Nocturnal life is filled with the endless croaks of the amphibians of which many endemics survive in this ideal tropical jungle
It’s all about adventure trekking through the wilderness, moving in jungles along the streams, with once in a while an unwelcome visitor such as a leech or two accompanying your way. And one must also be cautious of the snakes like the mildly venomous Hump Nosed Vipers common among dry leaf litter, and Green Pit Vipers amongst green foliage. Harmless snakes like the Brown Vine Snakes are abundant and avoiding their paths if encountered would be the best cautionary measure to take.
Not much sunlight reaches the ground level because of the thick canopy set high above, and the vegetation is perfectly striated beneath. From dusk to dawn, endless melodious songs—a perfect blend of sopranos, altos, tenors and basses—singing in harmony. The high pitched Hill mynahs to Drongos, and the many endemic birds found in the lowland tropical forests, are abundant too.
The sounds of birds like the Blue Magpies to the Red faced Malkohas, to the Crested Drongos, and the never ending continual conversations and chatters of the flocks of the endemic Orange-billed Babblers will accompany your way through the jungle, reminding you that you’re not alone. Even common birds like the white breasted kingfishers, yellow billed babbler, and black robins yield ample opportunity to be captured on camera, for the back drops and lighting conditions are perfect.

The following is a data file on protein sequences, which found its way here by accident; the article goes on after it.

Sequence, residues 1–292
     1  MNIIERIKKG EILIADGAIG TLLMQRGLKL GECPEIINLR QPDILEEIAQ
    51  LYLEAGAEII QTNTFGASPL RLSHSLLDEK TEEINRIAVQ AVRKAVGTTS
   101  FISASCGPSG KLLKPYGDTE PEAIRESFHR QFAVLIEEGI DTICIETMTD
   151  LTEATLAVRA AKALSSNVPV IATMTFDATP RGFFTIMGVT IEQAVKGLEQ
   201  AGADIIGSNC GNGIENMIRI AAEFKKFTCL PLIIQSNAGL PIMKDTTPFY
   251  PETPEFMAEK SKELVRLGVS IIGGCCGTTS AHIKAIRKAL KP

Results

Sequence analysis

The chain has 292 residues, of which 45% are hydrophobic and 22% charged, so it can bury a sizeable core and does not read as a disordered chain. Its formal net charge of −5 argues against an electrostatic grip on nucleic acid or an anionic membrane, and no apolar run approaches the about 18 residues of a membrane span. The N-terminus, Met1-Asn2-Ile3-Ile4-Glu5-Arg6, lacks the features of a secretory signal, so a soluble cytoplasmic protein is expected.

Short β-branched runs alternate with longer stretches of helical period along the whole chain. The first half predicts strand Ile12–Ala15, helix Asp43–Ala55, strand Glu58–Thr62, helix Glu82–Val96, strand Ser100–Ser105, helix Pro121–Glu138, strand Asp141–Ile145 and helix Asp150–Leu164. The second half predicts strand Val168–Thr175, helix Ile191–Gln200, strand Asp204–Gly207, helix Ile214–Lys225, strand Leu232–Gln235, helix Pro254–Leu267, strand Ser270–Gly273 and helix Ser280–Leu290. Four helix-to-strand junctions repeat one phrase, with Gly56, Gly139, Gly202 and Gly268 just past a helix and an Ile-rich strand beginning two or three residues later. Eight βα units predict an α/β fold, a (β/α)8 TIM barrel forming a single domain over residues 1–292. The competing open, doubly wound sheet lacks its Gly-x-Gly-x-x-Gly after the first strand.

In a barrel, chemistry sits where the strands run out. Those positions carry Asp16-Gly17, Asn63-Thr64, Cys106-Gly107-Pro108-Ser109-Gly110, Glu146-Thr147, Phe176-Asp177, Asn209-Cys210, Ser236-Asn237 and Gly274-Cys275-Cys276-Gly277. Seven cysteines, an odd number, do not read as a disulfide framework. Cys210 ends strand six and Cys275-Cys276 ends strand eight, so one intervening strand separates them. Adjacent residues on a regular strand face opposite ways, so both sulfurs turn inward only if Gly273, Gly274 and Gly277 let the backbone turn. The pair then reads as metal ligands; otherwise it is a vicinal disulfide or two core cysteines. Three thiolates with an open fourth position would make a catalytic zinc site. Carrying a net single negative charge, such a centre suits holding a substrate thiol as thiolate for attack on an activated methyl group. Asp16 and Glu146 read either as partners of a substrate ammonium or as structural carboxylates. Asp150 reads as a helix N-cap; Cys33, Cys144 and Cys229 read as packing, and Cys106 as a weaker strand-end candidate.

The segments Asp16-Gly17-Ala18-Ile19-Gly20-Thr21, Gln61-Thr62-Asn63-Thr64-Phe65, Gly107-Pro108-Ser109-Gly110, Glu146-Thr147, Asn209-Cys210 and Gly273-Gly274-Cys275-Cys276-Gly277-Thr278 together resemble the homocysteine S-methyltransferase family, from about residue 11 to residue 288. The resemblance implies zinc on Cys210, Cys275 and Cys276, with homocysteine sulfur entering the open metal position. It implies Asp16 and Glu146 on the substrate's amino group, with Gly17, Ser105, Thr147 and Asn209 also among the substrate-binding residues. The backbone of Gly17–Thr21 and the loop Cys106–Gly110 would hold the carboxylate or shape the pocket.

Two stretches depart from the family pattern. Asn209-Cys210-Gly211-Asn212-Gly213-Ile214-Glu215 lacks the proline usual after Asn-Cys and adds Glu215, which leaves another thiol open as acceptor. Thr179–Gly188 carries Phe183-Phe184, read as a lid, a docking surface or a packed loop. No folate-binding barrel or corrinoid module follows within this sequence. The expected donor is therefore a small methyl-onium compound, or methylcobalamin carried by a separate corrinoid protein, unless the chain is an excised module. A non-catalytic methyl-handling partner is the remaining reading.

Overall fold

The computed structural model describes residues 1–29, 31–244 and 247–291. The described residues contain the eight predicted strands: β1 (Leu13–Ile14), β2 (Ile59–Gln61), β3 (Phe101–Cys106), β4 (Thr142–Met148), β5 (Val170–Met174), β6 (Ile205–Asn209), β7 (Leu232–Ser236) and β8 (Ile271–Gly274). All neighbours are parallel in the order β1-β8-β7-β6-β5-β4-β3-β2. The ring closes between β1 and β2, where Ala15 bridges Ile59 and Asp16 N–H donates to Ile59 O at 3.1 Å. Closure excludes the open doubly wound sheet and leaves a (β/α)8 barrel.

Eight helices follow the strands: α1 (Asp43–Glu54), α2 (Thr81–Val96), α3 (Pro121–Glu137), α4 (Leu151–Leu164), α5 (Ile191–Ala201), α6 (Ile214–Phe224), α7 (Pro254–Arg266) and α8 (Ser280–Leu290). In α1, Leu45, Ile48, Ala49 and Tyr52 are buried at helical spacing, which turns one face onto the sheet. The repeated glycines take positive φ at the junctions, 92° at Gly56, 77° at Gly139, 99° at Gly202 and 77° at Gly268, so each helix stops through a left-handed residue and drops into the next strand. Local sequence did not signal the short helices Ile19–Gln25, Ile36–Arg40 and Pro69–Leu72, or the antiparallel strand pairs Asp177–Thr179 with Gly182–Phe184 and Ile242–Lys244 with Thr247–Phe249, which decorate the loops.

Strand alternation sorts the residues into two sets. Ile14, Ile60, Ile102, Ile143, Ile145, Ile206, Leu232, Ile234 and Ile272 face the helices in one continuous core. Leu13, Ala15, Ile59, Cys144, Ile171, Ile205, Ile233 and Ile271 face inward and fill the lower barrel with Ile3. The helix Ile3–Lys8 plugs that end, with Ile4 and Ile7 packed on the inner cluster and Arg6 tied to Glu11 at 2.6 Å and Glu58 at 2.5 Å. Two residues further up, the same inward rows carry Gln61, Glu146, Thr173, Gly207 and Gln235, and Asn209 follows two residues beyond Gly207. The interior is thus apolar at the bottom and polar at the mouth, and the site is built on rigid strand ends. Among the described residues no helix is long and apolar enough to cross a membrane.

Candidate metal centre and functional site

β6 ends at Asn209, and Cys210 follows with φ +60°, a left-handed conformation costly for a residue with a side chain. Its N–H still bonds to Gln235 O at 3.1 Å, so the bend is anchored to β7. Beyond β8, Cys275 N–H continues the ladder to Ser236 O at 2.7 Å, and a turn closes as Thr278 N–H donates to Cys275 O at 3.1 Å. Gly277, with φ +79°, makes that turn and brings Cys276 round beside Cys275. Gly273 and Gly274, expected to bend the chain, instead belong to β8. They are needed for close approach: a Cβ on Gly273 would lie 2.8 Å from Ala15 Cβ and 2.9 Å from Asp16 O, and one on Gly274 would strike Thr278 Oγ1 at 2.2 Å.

Every inch of the way is decorated with lichens and moss, every leaf that’s fallen on the ground is a unique habitat for tiny creatures to thrive, especially insects unbelievably camouflaged. Giant creepers and vines entwine on gigantic trees that push their way through to the canopy for a fresh ray of sunlight. It is a fairly common sight for one to encounter giant squirrels, langurs and macaques that hurdle their way through the canopy.
Mammals like the wild cats, fishing cats, wild boars, barking deer, and even the leopard have been sighted here. Nocturnal life is filled with the endless croaks of the amphibians of which many endemics survive in this ideal tropical jungle. The calls of the Red Slender Loris, an endemic and rare species, can be heard and to watch one of these slow moving primates needs much patience. Also the awkward looking, slow moving armoured pangolins come out in the darkness to feast on ants and termites.
Visitors wishing to enter the proposed reserve must obtain permission from the Agalawatta Forest Range Office prior to their visit. The Runakanda Conservation Centre, which is situated just at the boundary of the proposed forest reserve, is the only visitor ‘help centre’ providing lodging facilities and guidance within the forest. It is advised to obtain their assistance in order to have a safe journey within the jungle, and is the safest way to trek through different trails and experience the unsurpassed wilderness to the fullest.